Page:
Mick and Bina’s own upbringing is central to the story of their film star daughter, and their other daughters too. Mick was born and bred in the working class suburb of Richmond. His very modest family home in Kent Street has long since been demolished, but similar small cottages still stand nearby. His mother and father were aspirational, but not wealthy. Like his brothers, Mick went to school at Parade College, a Catholic boys school, and excelled at sports – becoming a very young player for Richmond Football Club at the age of 16, and dabbling in amateur boxing with mixed success. In later life, Mick was to claim he was the Australian football code’s youngest ever player, and still later, that he was Welterweight boxing champion of Australia. Neither claim was true.
Mary Jane Carroll met Mick when he was playing football. Five years older than Mick, she had been born into a struggling farming family in the Wimmera region of Victoria. Her Irish mother and father gave up the herculean task of trying to make a farm pay and took up work with the Victorian Railways. In time, Bina (the origins of her nickname now being forgotten) would suggest she was also of Irish birth – perhaps she felt it preferable to admitting to her new, swell, friends in London that she had lived a childhood in the Australian bush. In the early twentieth century almost all of her extended family had become hoteliers, as did she and Mick – an assured way to make money in the difficult times between the two wars.
Mick and Bina held the licences to a series of major Melbourne hotels by the early 1920s – The Bull and Mouth, then The Hotel Melbourne and finally the Hotel Metropole, all in bustling central Bourke Street. They were an ambitious couple, intent on making good and determined that the girls would succeed. Running a hotel was one sure way of achieving this. Mick and Bina were also great self – promoters; as a few who knew them recalled in later life. On Bina’s passing in 1963, one old friend told The Courier Mail “she was a great contact woman and admitted quite frankly that she cultivated the ‘right’ people because that was the thing most likely to advance her daughters interests.”
Above: One of the many Carroll family hotels – the now de-licenced Bay View Hotel in Kensington. Run by Mary Maguire’s auntie Alice, it was also where her maternal grandparents retired to. Mary visited them here before heading off to Hollywood in 1936. Photo – author’s collection.
Below: Peggy (Mary) in about 1934. Photo – John Oxley Library Collection, State Library of Queensland.
Mary’s name at birth was Helene Teresa Maguire. Her “pet name” was Peggy – used by all the family.
She appeared in her first film in 1933. This was a small bit part in Pat Hanna’s“Diggers in Blighty”, filmed in Melbourne. It was a largely pointless non-speaking role as a clerk, where she giggles at the soldier antics of Hanna, Joe Valli and George Moon. How did she get the role? It’s almost certain that the ever affable Mick Maguire used his connections to get his daughter a break doing something she loved. He arranged a similar introduction again in mid-1934, when pioneering filmmaker Charles Chauvel chose her for a role. The Maguires were now living in Queensland and running Brisbane’s premier hotel – TheBellevue. Based largely on her looks and ability to do an Irish accent of sorts – apparently her party piece – Chauvel cast Peggy as Biddy O’Shea, an Irish immigrant girl, in his panorama of Australian history “Heritage”.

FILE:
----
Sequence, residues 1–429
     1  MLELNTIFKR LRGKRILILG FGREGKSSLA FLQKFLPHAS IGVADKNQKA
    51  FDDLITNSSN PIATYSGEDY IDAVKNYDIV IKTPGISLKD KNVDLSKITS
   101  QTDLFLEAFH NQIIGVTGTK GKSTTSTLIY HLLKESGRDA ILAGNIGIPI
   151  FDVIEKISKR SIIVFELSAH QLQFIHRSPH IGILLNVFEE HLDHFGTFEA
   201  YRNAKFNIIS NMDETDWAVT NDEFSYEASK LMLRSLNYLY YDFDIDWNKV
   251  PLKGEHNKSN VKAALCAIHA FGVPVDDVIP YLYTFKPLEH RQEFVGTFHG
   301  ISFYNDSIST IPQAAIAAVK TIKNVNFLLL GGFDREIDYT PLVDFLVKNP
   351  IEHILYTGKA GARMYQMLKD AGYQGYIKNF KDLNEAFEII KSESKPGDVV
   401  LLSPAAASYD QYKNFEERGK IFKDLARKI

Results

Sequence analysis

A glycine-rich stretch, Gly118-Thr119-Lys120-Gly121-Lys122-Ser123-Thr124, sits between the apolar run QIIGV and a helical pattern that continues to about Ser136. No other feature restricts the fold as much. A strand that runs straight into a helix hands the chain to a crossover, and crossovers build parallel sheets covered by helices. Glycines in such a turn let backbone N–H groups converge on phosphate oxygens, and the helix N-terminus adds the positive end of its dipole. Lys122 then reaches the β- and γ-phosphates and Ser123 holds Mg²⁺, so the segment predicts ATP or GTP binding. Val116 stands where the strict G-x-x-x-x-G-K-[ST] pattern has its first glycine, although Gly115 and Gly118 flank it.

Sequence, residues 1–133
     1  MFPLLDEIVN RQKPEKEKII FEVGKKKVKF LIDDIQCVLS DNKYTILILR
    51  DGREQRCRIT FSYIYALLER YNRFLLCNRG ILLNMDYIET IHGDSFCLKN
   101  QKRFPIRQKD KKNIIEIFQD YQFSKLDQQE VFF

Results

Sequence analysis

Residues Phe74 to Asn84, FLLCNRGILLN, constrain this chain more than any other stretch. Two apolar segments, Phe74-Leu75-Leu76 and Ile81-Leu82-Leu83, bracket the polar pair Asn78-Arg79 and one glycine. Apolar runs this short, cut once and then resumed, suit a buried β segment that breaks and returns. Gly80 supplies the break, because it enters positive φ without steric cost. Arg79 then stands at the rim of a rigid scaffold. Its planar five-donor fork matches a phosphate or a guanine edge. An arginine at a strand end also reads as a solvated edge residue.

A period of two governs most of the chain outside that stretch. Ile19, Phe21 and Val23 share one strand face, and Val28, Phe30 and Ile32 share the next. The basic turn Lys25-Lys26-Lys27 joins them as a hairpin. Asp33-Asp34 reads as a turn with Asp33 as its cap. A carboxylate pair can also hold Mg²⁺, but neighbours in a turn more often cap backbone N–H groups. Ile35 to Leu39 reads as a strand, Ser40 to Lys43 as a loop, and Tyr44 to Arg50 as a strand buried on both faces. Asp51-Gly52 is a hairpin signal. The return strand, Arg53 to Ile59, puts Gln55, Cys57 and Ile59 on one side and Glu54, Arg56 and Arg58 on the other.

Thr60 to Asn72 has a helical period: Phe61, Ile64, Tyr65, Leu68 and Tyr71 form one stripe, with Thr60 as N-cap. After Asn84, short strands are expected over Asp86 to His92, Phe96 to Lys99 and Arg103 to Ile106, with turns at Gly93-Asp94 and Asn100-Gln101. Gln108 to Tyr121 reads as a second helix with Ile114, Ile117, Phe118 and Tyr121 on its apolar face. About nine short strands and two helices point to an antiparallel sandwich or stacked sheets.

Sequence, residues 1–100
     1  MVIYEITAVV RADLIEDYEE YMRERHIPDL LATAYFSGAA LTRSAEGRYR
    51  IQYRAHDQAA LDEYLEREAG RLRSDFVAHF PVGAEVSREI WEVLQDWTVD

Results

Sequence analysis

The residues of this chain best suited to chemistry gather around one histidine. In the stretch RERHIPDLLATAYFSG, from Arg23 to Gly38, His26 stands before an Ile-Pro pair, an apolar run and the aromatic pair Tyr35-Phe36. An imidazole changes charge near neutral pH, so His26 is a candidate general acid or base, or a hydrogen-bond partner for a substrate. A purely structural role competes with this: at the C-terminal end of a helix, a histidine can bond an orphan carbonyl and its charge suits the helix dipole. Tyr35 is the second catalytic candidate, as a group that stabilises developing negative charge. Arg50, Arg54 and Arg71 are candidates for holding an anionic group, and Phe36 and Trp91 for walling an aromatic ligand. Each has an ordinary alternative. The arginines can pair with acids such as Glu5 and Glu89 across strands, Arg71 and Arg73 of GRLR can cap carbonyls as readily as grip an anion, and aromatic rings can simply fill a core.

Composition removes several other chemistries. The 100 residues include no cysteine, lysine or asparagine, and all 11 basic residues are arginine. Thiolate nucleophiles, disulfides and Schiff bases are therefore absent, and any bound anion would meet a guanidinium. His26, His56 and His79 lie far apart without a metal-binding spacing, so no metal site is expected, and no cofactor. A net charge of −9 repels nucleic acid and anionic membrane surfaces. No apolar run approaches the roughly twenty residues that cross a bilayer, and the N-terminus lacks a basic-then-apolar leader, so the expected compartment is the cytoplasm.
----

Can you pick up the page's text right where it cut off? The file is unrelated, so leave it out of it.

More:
James Morrison (a rather effete Teamster who spies Biddy as she steps off the ship): Excuse me miss, may I carry your bundle? Biddy O’Shea: You will not, I’ll carry me own bundle. James (insisting and grabbing her bag): I’ll carry it miss! Biddy: Give me my bundle! (Hitting him and stamping on his hat) … That’ll teach you to play tricks on an Irish girl!
Thus began Peggy Maguire’s acting career in film.
Peggy’s breakthrough role came on the heels of “Heritage”. Miles Mander, a British actor and director was hired by an Australian syndicate to make a movie, based loosely, very loosely, on the 1934 novel “The Flying Doctor”, by Robert Waldron. Peggy won the part of Jenny Rutherford, with Hollywood actor Charles Farrell imported for the lead. In January she announced she was now calling herself Mary – a name more suited to a sophisticated film star. Today, the rarely seen finished product looks unconvincing and old-fashioned. Even in 1936 it attracted mixed reviews – The Sydney Morning Herald’s reviewer complained about the film’s endless scenes of “local colour… what amounts to tourist propaganda.” The cameo appearance of Don Bradman delighted and annoyed reviewers in equal numbers.
The Maguire family welcome Mary home after filming The Flying Doctor; from left – Lupe, Mary, Mick, Joan, Bina, British screen writer JOC Orton, Patsy and Carmel, April 1936 . Director Miles Mander had left hurriedly for the US a few days before, following a court case for speeding.
Photo from Queensland Newspapers – John Oxley Library Collection, State Library of Queensland.